Using foreign coins (of any kind) off the resort when dealing with “normal” Cubans is (as always) really dumb, naive behavior. (And that’s putting it mildly.)

[quote=@martian]
Using foreign coins (of any kind) off the resort when dealing with “normal” Cubans is (as always) really dumb, naive behavior. (And that’s putting it mildly.)[/quote]Martian, you’ve made this point a couple of times and it always makes me scratch my head in puzzlement. Two questions: why would you want to give Canadian coins to Cubans off resort (tip them for what, exactly??) and how often does the normal (naive) tourist get anywhere in Cuba that is not somehow connected with resorts/tourism??? (people who think they make “friends” with “normal” Cubans by riding a motorscooter a few miles from a resort are just kidding themselves, IMHO. All Cubans within easy access of a resort are part of the tourist trade…and they know exactly how to “play the game”)

I’ve met many Cubans well away from the tour buses who’ve been stuck with Canadian coins. It’s been an issue for years, and that’s why I’ve always said to please leave your foreign coins at home.

I’ve bought Loonies from the ladies at the restaurant at Mural de la Prehistoria, the elevator attendant to the rooftop look-out at Camera Obscura overlooking Plaza Vieja, the Dive Master at Maria la Gorda, even the poor ferry operators between Havana Vieja and Regla. These are hardly tourist centres with a constant steam of captive, approachable Canadians. (At the rodeo in Lenin Park south of Havana I met a kid who had been holding onto 3 Loonies for (he claimed) years when someone threw them at him from a bus way out in the campo.)

Well meaning but naive tourists think they’re doing someone a favour, when in fact they’re giving these people bits of metal with irritating promise - but utterly useless until another Canadian happens to stumble across them.

[quote=@martian]I’ve met many Cubans well away from the tour buses who’ve been stuck with Canadian coins…Well meaning but naive tourists think they’re doing someone a favour, when in fact they’re giving these people bits of metal with irritating promise - but utterly useless until another Canadian happens to stumble across them. [/quote]Ah, but the thing I find fascinating here is that they do hold onto them…and like the junk collectors that sometimes hit it big on “Antiques Roadshow”, sometimes that patience pays off. Interesting…things that we truly believe are worthless, we toss. I agree entirely that it’s probably unfair to burden people away from resorts with this money exchange problem, but on the other hand it’s interesting that Cubans are resourceful and patient enough to make lemonade out of the lemons…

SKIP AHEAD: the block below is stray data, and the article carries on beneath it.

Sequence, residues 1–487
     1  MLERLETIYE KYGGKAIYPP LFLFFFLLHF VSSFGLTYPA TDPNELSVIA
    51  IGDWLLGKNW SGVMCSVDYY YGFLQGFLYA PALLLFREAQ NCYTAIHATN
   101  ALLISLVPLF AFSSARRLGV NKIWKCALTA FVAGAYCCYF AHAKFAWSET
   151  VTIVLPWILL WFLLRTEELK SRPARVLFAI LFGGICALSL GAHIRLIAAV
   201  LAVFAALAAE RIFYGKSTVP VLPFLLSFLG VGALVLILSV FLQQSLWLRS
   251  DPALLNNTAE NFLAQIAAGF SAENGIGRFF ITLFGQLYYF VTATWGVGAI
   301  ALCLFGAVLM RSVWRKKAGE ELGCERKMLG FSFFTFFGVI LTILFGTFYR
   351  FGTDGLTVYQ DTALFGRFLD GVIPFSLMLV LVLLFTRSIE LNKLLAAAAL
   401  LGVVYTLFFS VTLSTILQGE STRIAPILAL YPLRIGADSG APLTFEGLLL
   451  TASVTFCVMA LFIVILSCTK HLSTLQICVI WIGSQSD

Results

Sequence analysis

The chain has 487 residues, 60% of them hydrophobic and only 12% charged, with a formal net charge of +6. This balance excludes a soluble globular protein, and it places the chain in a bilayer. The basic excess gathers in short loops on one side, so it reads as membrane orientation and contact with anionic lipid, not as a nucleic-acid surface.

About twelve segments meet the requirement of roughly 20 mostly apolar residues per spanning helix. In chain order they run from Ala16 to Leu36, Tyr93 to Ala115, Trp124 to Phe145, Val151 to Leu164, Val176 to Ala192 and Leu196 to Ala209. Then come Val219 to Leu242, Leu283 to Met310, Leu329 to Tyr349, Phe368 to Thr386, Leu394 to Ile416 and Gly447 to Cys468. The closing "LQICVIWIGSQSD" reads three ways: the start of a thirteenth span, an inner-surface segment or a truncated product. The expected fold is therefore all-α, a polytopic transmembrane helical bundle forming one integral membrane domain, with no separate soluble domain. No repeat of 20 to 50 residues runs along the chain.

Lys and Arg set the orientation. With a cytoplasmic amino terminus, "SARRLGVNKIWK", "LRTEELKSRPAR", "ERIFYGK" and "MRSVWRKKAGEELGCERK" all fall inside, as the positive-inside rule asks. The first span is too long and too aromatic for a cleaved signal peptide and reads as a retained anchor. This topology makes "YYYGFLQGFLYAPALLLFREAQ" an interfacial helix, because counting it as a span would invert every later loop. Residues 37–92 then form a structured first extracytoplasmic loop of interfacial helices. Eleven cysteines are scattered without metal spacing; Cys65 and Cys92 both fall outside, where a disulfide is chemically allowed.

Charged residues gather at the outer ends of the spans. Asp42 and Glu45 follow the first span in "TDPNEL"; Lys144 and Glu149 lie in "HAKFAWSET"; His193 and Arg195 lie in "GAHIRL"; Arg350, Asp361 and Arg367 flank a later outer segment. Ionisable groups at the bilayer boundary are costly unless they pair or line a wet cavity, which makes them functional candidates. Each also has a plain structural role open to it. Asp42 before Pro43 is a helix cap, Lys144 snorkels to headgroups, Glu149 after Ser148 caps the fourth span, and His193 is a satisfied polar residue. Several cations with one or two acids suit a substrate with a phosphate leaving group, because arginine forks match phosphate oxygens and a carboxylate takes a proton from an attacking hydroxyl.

…on another note, my review of Melia is now posted…

“… Ah, but the thing I find fascinating here is that they do hold onto them…”

Of course they hold on to them! Why would someone so poor throw anything away that might turn into something in the future?!

That still doesn’t change the fact that it’s an ignorant thing for a well meaning tourist to do; giving something away that’s utterly useless until a Good Samaritan happens to stumble across the poor soul clutching a coin like it’s a lottery ticket.

You’re a guest in a foreign country. I don’t see the big deal about leaving your foreign coins at home and I’m amazed that such a simple thing always generates so much discussion…

[quote=@martian]You’re a guest in a foreign country. I don’t see the big deal about leaving your foreign coins at home and I’m amazed that such a simple thing always generates so much discussion…[/quote]Oh, so am I. (look at us discussing it…who’s the fool here? Got a mirror handy? I do!) Personally I always have Canadian coins with me in Cuba because I need them for the phone when I get back to Pearson. Doesn’t mean I am going to give them to anyone, even when they do ask. I still wonder what the guy with the “coin collection” did with the nickel, dime and quarter he got from me…not the toonie or loonie he was hoping for. ;D Seriously, I don’t see this as a life changing problem for anyone, and I only mentioned the “solicitation” because so many folks get on the forum and rail against their “ignorant” fellow tourists, who in turn are only complying with what they have been requested to do. In the grand scheme of things, it’s a matter of extremely little importance…but to a Cuban if the choice is no tip or a loonie, I think it’s their prerogative to decide if they want to carry the coin around till they can find someone to change it for them. Basically, none of my business. :smiley: